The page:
Too Early for This: Oscar Picks – 15 Oct 2017

Darkest Hour
The Greatest Showman
Last Flag Flying
Murder on the Orient Express
Phantom Thread
The Post
Three Billboards Outside Ebbing, Missouri

Falling off: Detroit; Downsizing; Goodbye, Christopher Robin
Rising star: Call Me by Your Name

The skinny: With Toronto and Telluride out of the way, the murky picture looks a little bit clearer. It’s hard to no for sure when old-school crowd-pleasers like The Greatest Showman and Murder on the Orient Express might not be deemed worthy and two of the most anticipated films (Phantom Thread and The Post) aren’t done yet and don’t even have a trailer. And then there’s the curious case of Call Me by Your Name. Early buzz pegged it as dominant in most categories, but it’s gotten a somewhat muted reception, especially by gay critics, some of whom view this very sensual story as too tame.

Joe Wright, Darkest Hour
Martin McDonagh, Three Billboards Outside, Ebbing Missouri
Christopher Nolan, Dunkirk
Steven Spielberg, The Post
Paul Thomas Anderson, Phantom Thread

Falling off: Kathryn Bigelow, Alexander Payne
Rising star: Denis Villeneuve, Blade Runner 2049

The skinny: With Three Billboards taking the People’s Choice Award at Toronto (often a key indicator of Best Picture nominees and winners), it’s likely to become a more significant player (especially if it picks up some critics’ groups awards). And if they hold up, I’m still betting on Joe Wright and Christopher Nolan to finally get directing nods. Denis Villeneuve has been ascendant for several years, but he’s only getting in if Blade Runner 2049 is also a Best Picture nominee, which is a big ask.

Chadwick Boseman, Marshall
Daniel Day-Lewis, Phantom Thread
Jake Gyllenhaal, Stronger
Hugh Jackman, The Greatest Showman
Gary Oldman, Darkest Hour

Falling off: Denzel Washington
Rising star: James Franco, The Disaster Artist

The skinny: Muted reception for Roman J. Israel, Esq. means Denzel’s out (for now). But Marshall‘s launch has been odd to say the least, so Chadwick Bozeman is in the most danger of losing his spot. Does that mean they’d opt for something super-weird, like James Franco’s portrayal of Tommy Wiseau? Probably not, but he is a former nominee and host (which we don’t talk about).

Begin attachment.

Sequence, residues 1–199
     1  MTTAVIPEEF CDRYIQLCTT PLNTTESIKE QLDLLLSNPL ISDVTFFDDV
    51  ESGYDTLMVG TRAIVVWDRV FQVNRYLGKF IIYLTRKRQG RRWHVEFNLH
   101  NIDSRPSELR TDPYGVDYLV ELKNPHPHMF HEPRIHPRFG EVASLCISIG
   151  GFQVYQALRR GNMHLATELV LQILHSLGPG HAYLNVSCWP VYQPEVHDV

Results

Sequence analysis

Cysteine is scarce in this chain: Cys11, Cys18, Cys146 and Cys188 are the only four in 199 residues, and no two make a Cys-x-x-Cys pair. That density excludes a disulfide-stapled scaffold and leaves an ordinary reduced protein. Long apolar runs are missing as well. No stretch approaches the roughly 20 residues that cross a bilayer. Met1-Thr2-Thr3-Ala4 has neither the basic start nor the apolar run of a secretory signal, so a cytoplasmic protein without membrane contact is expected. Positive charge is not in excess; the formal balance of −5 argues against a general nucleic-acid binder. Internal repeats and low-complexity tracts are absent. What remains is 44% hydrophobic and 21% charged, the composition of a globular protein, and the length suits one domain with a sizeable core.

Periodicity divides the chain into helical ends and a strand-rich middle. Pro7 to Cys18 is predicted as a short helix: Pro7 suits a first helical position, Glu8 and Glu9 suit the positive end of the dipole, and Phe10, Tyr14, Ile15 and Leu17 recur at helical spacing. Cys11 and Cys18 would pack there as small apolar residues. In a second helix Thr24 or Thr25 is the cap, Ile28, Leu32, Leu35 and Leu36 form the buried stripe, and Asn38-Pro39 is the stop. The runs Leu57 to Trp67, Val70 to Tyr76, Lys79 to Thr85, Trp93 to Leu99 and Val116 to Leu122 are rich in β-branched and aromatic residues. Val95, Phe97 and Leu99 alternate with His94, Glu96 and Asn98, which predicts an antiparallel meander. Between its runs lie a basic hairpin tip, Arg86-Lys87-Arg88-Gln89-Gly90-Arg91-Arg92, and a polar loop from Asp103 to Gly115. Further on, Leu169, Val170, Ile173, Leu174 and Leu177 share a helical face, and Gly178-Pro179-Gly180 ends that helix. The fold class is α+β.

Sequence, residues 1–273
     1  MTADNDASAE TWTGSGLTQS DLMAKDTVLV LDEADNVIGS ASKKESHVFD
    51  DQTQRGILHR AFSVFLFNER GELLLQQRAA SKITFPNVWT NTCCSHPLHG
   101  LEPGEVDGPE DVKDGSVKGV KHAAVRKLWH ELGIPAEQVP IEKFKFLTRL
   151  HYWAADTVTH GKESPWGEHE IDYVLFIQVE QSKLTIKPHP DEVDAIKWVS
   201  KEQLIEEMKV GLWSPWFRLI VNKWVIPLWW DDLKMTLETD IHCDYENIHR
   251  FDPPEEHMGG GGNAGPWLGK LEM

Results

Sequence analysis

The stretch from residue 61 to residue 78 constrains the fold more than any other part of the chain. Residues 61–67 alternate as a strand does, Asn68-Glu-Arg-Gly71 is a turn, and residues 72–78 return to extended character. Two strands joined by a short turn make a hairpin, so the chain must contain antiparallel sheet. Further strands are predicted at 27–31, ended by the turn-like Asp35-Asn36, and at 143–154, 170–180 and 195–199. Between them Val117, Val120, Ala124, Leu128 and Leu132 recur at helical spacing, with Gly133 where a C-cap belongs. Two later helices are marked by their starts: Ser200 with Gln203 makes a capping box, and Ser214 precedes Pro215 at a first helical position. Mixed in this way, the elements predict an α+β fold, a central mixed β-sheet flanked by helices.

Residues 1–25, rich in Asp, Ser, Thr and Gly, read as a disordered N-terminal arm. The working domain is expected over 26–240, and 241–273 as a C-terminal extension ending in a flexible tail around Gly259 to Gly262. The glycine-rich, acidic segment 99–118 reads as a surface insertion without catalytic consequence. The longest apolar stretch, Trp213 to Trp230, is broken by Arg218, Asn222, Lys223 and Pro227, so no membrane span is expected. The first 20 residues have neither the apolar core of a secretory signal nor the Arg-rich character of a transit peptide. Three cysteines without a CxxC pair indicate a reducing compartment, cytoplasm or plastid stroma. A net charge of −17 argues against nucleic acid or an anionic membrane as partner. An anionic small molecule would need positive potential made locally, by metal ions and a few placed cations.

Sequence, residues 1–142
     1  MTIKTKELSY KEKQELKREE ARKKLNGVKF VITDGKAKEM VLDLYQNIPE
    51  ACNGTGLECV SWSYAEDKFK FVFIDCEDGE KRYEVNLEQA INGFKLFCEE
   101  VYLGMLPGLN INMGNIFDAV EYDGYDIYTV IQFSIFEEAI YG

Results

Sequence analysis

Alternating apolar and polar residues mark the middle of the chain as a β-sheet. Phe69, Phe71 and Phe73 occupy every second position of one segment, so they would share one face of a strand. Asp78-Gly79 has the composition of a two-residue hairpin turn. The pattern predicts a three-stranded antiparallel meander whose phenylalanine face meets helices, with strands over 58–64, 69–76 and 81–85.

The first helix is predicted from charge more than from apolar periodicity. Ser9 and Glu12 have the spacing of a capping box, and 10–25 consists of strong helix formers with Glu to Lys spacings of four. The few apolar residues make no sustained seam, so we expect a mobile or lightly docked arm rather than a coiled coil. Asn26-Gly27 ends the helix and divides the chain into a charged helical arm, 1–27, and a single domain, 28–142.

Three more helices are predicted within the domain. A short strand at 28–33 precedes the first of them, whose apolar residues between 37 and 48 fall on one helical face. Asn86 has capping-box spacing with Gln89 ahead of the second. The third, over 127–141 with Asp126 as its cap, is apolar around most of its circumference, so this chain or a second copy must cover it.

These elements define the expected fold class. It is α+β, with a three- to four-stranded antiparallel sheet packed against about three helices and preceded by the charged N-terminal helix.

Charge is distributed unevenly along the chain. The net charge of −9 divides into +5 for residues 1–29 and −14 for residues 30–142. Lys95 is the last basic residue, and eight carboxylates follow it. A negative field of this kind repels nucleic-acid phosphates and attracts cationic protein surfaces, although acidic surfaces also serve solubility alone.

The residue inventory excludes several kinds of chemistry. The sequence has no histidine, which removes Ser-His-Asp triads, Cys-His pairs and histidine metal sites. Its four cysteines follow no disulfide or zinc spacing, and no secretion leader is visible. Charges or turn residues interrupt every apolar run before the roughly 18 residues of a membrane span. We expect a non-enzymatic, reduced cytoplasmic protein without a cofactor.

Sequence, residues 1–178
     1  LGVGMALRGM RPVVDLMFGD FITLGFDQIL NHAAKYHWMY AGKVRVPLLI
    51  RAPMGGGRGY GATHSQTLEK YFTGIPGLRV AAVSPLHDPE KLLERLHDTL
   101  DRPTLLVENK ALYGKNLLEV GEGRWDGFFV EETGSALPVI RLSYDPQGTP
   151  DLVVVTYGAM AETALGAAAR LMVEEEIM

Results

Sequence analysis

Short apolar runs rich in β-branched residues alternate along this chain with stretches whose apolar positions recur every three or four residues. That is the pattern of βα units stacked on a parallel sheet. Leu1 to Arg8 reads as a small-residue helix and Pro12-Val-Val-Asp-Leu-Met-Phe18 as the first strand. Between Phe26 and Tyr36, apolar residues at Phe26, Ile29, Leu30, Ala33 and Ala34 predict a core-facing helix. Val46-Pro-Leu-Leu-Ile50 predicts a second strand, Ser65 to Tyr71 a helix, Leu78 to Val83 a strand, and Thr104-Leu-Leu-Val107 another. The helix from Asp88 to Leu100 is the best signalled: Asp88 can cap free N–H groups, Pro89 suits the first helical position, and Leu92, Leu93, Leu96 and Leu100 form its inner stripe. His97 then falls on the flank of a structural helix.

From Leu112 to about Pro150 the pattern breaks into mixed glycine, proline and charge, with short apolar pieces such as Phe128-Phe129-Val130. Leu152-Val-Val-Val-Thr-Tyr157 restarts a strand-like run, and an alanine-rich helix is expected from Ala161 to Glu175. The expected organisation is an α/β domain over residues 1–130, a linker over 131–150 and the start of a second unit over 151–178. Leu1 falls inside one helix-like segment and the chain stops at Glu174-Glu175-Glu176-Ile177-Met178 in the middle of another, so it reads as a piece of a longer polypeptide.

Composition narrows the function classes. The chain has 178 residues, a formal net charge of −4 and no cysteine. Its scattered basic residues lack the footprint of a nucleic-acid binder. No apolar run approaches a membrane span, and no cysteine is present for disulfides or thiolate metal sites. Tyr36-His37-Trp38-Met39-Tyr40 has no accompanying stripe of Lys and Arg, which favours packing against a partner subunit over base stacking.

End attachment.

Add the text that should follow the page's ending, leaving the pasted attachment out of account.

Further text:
Jessica Chastain, Molly’s Game
Judi Dench, Victoria and Abdul
Nicole Kidman, The Beguiled
Frances McDormand, Three Billboards Outside Ebbing, Missouri
Meryl Streep, The Post

Falling off: Rooney Mara
Rising star: Annette Bening, Film Stars Don’t Die in Liverpool

The skinny: Mary Magdalene has been sent off to 2018, so Judi Dench is now definitely getting nominated for Victoria and Abdul, which has been the sleeper hit of the fall. If Annette Bening couldn’t get nominated for her stellar work in 20th Century Women last year (which managed an Original Screenplay nod), I don’t know how she can do it as the film’s only big aspect, but she’s consistently great, so if Academy voters forget about The Beguiled above the line, she’s got a shot.

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What I Watched This Week: 8 Oct 2017

The Simpsons – “Springfield Splendor” (B+)
A truly delightful episode, as Lisa’s art therapy becomes a best-selling graphic novel and then a truly disastrous musical. There’s plenty of great gags about amateur psychiatry, comic book fandom and overblown Broadway productions. But more importantly, it’s sweet and gives Marge a chance to shine. “You could say it’s writ Marge!” “Yeah, but you shouldn’t.”

Curb Your Enthusiasm – “The Pickle Gambit” (B+)
Another ep that’s longer than a half-hour, but earns its runtime. Larry inadvertently injures Funkhauser’s nephew, gets kicked out of a hotel by Jim Rash and offends the consul of Iran. Pret-tay, pret-tay, pret-tay good.